Medium format rangefinders with interchangeable lenses such as the Mamiya 6 or 7 would fit the bill, but they are massively more expensive (even than high end SLRs). I've never used a MF rangefinder, so I can't speak to if it is worth it, but they certainly have their fans.
I have a Yashica A and Rolleicord III which I am pleased with. Also as mentioned, the Bronica SQ-A, I enjoy using but its no joy to pack around.. But for a walk around camera the TLRs are hard to beat.
“In the end, it's not going to matter how many breaths you took,
but how many moments took your breath away.”
― Shing Xiong
First, I would figure out a budget.
You want reliability, so ask about certain makes, such as Kowa. Mamiya made a 645 SLR system that should be available at a decent price, but you'll want to check to see if the camera will need to be serviced.
A TLR is a nice introduction to medium format, although prices for Rolleiflexes and Rollecords are high at the moment.
A folding camera is the budget way to go. Some like the cameras with triplets and lower-cost lenses, and they seem to be a good option, although you should shoot these at f/8 and smaller for the best results.
Prices for folding camera can run from $10 to $500 or more. The Zeiss Ikon Ikonta 6x6 camera with a Novar or Tessar is a nice place to start. The Novar is the budget lens, and the Tessar is the premium lens. These will run you about C$15 to C$150.
It's not unusual for one or all of these cameras to need service. After all, these will be anywhere from 50 to 80 years old or more, and anything mechanical should be serviced.
Another vote for a TLR like a YashicaMat (I have a Yashica D, Yashicamat EM) or Rolleicord (my girlfriend has a Vb) as an intro camera. Very nice transition from 35mm manual SLRs and will give you enough quality bump to see if you like the larger negative and slower style of working.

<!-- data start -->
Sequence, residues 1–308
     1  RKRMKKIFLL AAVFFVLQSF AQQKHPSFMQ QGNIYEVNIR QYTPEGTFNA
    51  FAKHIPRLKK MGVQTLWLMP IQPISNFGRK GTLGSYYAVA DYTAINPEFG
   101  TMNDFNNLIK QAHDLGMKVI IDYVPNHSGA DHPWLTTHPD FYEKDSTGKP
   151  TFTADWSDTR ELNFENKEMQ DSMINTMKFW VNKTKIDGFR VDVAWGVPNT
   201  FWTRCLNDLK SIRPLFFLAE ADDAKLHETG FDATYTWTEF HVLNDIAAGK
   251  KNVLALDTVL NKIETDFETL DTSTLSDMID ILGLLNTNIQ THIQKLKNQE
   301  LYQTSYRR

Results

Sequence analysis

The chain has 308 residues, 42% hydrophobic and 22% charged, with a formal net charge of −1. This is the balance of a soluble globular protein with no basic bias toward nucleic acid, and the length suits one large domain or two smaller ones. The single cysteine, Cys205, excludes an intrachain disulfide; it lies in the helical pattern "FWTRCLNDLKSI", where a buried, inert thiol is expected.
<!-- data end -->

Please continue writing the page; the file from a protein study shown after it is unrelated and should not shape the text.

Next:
Sepia, I've recently gone down this road as well. About a year ago, I got a YashicaMat-124 and it was a revelation. A TLR will open your eyes to whole new ways of making photographs. More recently, I have acquired a Mamiya 645 Pro 1000S. This is a 70s vintage pretty rugged mechanical MF SLR, although there are more electronic doo-dads available if you like. I'd rather a 6x6 as well, but that seems to get into more expensive territory. Careful shopping should be able to find you one for well under $300. If you are patient, you may find one in what I guess is a wedding photographers kit, with aluminum case and usually one or more additional lenses and accessories. These WILL be well used, but normally not abused, and with a new set of seals or a full CLA should provide many years of service. Accessories and parts and pieces are available for reasonable cost, even new. My enlarger is essentially the same as yours (C700) and everything has worked out quite well. You will want a 70 or 80mm lens for your enlarger. Negative holders can get expensive but can be fabricated out of cardboard if necessary until you find a metal one at a reasonable price.
All this has happened before, and all this will happen again.